Human Resources

W. Hord Tipton (UK) - The Impending Skills Gap in Information Security: A Holistic Approach is Crucial

In the last 20 years, information security has been one of the fastest growing and richly developing careers available. Even during tough economic conditions, our research shows professionals are enjoying job stability, increased salaries and growing demand for their services. This same research, however, portrays a profile of a profession that may not be attracting enough people to take advantage of the opportunities.

More than 10,000 professionals responding to our 2011 (ISC)2 Global Information Security Workforce Study, reveal a picture of a profession that is maturing: the average years of experience of people working in the field is getting longer at about 11 years; their levels of education higher - 40% have a masters or equivalent degree; and the average age is 42.

Looking at the trends that effect professionals in their jobs this study, conducted by market analysts Frost & Sullivan, also illustrated the technological upheaval that has those already working in the information security facing a significant shift in skill requirements. More than 70% of our survey respondents report the need for new skills to properly secure cloud-based technologies, for example, including the need for new instincts in areas such as contract negotiation. They admit organisations are not ready for social media threats with nearly 30% having no policies in place guiding its use. In today's modern organisation, however, end-users are dictating IT priorities by bringing their technologies, mobile devices, cloud services and branded social networking properties to the enterprise, rather than the other way around. They are in turn producing a phenomenal amount data, creating a monumental challenge for those tasked with identifying and securing that which could be considered critical or sensitive.

The good news in all of this is that security is recognised as having real value in enabling the dynamic changes new technologies are making in business. Information security professionals finally have the necessary management support that traditionally has been lacking. These changes, along with the complexity of the threats that are developing around them, are happening on a grand scale: The study forecasts that nearly twice as many professionals that are working today will be required by 2015. (4.24; compared to 2.28 million today). This recognition of security's value must now be followed by some clear thinking on how to realise it.

There are some natural barriers to entry that explain the absence of new entrants. Most employers are loath to trust the security of their systems to the inexperienced. The profession itself is still relatively immature: The founding generation continue to dominate the top management layer and their own experience will not have included focussed university education in the field or the internship training that can follow, so they have yet to inspire much development here. Looking at the profile of university level education that has developed, we can see that except for the specialist courses in forensics, it is dominated by graduate-level programs that cater to the working student, rather than the young person considering his or her first career choice. It is hard to understand how people could even learn about the opportunities open to them let alone consider whether they are of interest.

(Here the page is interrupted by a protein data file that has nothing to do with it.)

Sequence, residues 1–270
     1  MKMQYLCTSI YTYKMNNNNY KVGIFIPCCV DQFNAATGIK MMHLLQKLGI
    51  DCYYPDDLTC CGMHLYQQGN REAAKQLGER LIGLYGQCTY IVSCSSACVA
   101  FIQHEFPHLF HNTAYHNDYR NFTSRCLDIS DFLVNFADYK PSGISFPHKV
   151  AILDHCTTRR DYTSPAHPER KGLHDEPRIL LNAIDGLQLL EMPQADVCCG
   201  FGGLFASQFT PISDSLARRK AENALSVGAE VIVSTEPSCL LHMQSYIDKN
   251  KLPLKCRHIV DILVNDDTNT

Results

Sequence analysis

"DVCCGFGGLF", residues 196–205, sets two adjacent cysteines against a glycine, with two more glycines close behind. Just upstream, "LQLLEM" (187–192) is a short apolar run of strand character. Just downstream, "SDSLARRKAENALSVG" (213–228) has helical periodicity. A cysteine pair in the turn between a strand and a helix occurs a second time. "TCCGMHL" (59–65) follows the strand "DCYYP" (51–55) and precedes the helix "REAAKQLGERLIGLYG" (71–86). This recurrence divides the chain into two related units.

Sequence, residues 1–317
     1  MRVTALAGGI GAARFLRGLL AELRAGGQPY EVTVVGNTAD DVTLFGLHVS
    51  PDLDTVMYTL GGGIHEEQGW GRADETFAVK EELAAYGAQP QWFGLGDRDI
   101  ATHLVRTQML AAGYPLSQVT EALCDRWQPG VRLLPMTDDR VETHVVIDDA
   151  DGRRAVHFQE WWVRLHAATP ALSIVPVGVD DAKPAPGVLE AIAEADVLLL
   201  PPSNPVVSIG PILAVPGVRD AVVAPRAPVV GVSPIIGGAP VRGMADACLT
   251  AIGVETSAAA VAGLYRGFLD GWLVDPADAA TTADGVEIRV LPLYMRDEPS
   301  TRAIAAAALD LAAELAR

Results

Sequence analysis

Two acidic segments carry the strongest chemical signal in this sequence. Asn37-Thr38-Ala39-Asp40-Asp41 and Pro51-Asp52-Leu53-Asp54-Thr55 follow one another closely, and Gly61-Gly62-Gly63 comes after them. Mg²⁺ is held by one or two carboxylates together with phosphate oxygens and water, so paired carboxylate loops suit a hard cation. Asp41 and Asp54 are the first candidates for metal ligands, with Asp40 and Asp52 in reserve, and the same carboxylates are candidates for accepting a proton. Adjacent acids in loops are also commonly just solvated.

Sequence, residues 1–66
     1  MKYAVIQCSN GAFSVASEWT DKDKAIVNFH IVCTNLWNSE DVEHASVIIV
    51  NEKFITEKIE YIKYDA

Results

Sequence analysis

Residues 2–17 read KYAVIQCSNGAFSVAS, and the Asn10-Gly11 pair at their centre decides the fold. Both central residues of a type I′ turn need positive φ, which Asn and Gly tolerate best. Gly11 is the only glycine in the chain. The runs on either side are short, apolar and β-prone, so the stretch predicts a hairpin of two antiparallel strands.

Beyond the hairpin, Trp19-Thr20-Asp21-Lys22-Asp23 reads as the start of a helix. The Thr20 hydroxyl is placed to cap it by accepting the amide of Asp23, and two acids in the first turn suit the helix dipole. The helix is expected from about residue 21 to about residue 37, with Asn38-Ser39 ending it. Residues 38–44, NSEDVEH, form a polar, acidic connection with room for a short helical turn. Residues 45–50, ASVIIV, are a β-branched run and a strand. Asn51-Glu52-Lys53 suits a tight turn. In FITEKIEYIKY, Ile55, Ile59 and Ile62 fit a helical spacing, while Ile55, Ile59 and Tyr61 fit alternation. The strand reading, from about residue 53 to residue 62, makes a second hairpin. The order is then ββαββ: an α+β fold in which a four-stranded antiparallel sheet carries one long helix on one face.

The professional community and employers must now play a central role in turning this around. We can start by enhancing the general understanding of the career possibilities, covering the varied specialist, consultative, management and technical possibilities. One of the fastest growing areas at the moment is in assuring secure software development. Our research shows that one in five professionals is now involved in this area. There is also a real need for risk management skills at both the IT practitioner and business department level to support the decision making that is taking place as these and other new technologies enable change.

There are organisations, such as the Cyber Security Challenge UK that are reaching out to young people to get this message across. We are also seeing an increasing number of government organisations across the globe manning efforts to map skills and the educational support required to ensure healthy economies. As a professional membership organisation with more than 78,000 certified members, (ISC)2 actively participates in many of these initiatives. We are also supporting the development of university level education, sharing the privileged access to the very current knowledge we have in the management of our professional certifications. I would venture to say however, that this is only a beginning. Educators, employers, governments and individual professionals should be considering what they could and indeed should be doing to ensure an adequate information security workforce in possession of the right skills.

In information security, we have always recognised the need to be ahead of the game - anticipating the next threat, the next way of doing business and the next big technology. This must also include anticipating a next generation.

By W. Hord Tipton, Executive Director at (ISC)2. Mr Tipton also oversees all departments, makes ultimate business decisions, and is responsible for the overall direction of the organization.



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